Why is it important to learn the history of the Holocaust and the genocide in Rwanda?
How are you able to work amid the pandemic?
South Africa went into a strict lockdown on 26th March for five weeks. Our centre was immediately closed to the public. We have moved to the digital world. We are organizing webinars weekly that attract diverse communities from around the world but also from South Africa. We are offering online teaching through Zoom, Google or Microsoft Teams, or other formats. Many people lack access to the internet in South Africa. Therefore, we are recording audio notes, short stories—three minutes, two minutes—and sending them on WhatsApp to students in more than 200 schools in the country. We are using podcasts to speak about refugees, xenophobia, vulnerable children, gender-based violence and other things.
We want those engaging with our lessons to understand that they cannot be bystanders, that there are issues in our societies that need all of us to stand up and do something. For example, although we are a museum, because people are currently hungry, we opened our centre to collect food and toiletries for distribution to those in need.
Abuses often result from a desire by some to protect identities—religion, race, tribe, and so on. Do you see any fault lines in Africa today?
In our beloved continent we see growing tensions around religion and language. We see other fault lines around political views, ethnic identities and gender—gender-based violence is on the rise with the lockdowns. All of us must play a role in safeguarding Africa’s values of ubuntu, of peace and tolerance.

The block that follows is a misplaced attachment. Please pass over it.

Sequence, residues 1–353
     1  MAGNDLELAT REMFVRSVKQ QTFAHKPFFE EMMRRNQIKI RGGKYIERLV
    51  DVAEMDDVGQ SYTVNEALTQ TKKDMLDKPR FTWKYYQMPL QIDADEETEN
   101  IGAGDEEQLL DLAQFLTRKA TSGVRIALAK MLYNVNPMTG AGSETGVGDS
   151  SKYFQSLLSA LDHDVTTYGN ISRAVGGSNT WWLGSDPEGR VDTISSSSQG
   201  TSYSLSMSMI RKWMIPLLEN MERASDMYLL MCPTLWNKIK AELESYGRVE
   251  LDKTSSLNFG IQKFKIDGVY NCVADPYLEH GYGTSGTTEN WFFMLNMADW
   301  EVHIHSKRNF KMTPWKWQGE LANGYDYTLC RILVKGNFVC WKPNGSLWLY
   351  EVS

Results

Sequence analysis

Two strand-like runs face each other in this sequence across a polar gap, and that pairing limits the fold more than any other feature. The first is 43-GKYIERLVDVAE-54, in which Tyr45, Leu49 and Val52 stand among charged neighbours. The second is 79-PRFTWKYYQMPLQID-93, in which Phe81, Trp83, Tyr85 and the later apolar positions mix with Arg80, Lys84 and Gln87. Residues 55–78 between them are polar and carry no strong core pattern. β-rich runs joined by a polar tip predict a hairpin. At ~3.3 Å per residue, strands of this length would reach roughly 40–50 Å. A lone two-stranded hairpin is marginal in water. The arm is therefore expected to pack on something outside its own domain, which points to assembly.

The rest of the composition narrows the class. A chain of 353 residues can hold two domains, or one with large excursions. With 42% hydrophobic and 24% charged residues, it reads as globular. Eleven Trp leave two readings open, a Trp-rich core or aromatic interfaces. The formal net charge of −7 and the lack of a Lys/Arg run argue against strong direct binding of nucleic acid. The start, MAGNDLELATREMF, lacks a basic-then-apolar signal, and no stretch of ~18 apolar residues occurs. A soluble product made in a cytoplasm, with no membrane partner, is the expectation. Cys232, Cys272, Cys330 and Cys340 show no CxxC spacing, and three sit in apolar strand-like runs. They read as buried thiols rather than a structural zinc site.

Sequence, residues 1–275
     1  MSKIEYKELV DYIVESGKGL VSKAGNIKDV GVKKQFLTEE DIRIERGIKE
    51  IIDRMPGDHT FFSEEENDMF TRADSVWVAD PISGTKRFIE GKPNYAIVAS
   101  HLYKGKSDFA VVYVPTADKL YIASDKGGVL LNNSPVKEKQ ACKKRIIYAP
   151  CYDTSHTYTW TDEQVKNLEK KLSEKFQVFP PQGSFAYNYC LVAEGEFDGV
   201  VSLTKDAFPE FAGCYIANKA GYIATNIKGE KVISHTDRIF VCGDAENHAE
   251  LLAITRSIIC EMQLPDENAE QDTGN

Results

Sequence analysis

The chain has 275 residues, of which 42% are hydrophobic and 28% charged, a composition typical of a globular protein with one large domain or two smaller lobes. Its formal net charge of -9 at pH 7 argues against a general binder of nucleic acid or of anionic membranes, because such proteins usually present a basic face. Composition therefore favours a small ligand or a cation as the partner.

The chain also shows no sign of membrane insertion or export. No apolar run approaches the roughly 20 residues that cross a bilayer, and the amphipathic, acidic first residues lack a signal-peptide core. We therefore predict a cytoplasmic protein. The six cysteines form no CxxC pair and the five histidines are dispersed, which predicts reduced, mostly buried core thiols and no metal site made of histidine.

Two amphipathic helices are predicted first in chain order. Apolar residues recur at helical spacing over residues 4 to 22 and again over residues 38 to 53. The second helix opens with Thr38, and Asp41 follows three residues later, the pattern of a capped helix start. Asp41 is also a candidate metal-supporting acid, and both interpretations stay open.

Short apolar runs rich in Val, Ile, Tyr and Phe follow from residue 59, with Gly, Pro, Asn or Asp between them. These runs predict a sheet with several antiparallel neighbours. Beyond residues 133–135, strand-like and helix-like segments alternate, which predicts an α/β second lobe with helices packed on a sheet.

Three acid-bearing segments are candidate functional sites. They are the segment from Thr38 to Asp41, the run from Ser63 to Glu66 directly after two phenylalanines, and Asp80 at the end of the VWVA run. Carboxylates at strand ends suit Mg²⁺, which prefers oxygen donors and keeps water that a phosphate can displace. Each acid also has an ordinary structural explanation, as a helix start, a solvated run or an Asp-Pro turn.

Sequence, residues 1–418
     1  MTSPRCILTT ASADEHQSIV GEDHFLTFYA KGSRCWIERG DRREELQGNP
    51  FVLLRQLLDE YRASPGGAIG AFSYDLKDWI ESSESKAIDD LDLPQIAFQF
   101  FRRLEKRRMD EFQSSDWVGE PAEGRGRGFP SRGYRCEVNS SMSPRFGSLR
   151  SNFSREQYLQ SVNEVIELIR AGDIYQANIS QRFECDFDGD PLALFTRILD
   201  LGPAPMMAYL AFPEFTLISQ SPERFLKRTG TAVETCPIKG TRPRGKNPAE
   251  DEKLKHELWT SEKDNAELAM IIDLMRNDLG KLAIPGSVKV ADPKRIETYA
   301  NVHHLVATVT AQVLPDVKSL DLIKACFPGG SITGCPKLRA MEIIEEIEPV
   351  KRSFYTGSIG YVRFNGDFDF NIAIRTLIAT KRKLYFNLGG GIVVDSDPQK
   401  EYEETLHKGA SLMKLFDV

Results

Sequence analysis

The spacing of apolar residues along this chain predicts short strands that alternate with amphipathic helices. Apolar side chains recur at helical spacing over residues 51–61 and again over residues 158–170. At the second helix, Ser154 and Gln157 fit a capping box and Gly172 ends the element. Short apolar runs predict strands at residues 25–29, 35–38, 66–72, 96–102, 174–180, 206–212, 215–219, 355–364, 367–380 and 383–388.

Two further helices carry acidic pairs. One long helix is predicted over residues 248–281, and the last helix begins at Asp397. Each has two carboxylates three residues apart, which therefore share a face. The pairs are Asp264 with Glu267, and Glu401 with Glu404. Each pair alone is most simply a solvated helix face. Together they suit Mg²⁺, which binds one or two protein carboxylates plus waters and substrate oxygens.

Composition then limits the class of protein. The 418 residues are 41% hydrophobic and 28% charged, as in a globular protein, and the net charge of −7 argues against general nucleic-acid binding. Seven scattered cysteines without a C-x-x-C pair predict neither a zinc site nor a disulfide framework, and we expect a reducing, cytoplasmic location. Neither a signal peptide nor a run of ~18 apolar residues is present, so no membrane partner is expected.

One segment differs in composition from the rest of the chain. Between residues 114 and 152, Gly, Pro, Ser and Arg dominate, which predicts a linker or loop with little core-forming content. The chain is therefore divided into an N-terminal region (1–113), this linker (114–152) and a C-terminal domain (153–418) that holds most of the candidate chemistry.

We are working with our sister centres in Cape Town and Durban, and with partners at the Kigali Genocide Memorial [Rwanda]— to promote these values around Africa. We have a youth leadership programme called the Change Makers Leadership Programme in many countries, which is aimed at strengthening our youth to stand up against violent extremism and the other fault lines we recognize. We train youth leaders and we also train the trainers such as teachers, facilitators, professors, librarians, and so on, to teach our values in schools.
We worked, for example, in Yola, Nigeria, in the north east, with UNESCO [United Nations Educational, Scientific and Cultural Organization] and the American University of Nigeria to train facilitators to look at role models, at our values, at our own difficult history in Africa and in Nigeria, and learn lessons so as not to repeat the mistakes that were made.
How are you working with the United Nations?
Do you target individuals who foment troubles in countries?
As an educational non-political NGO, we cannot reach all the key players such as the politicians and those who are already extreme. But we work with people who escaped from rebel groups. For example, in Yola, Nigeria, we had the honour to work with some of the girls who were released from Boko Haram captivity in 2018. In other places, we worked with former child soldiers who needed rehabilitation.
Do you partner with governments or pan-African institutions such as the Africa Union?
Absolutely. We should not ever try to work alone. In each country, we work with different partners. In the Gambia, for example, we worked with the Ministry of Education. In Mozambique, we were fortunate to partner with the Ministry of Youth and Sports. In Mauritius, we worked with the ministry responsible for children. We work with international and continental organizations. For example, we work with Aegis Trust [which works to prevent genocide] in Rwanda and in Central African Republic, Sudan, South Sudan, Kenya, and so on.
For more information on COVID-19, visit www.un.org/coronavirus